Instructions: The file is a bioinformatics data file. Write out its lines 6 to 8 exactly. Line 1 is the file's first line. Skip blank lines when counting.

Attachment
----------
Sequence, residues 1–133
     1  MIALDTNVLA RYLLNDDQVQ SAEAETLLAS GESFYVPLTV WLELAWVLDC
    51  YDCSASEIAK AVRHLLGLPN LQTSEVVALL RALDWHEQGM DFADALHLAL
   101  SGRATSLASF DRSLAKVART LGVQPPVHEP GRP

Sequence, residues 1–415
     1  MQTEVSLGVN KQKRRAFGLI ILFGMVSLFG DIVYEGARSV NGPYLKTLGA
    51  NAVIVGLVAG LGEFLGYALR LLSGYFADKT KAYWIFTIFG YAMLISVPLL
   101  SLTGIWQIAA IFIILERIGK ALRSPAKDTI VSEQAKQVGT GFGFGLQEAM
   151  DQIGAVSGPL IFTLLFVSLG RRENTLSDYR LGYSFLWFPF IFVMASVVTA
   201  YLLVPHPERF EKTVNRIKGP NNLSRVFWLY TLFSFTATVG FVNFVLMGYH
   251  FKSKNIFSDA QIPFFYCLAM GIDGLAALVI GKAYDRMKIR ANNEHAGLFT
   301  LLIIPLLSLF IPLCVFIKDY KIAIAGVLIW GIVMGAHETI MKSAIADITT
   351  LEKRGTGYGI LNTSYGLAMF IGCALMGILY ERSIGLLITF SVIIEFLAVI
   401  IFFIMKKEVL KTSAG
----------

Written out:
     1  MQTEVSLGVN KQKRRAFGLI ILFGMVSLFG DIVYEGARSV NGPYLKTLGA
    51  NAVIVGLVAG LGEFLGYALR LLSGYFADKT KAYWIFTIFG YAMLISVPLL
   101  SLTGIWQIAA IFIILERIGK ALRSPAKDTI VSEQAKQVGT GFGFGLQEAM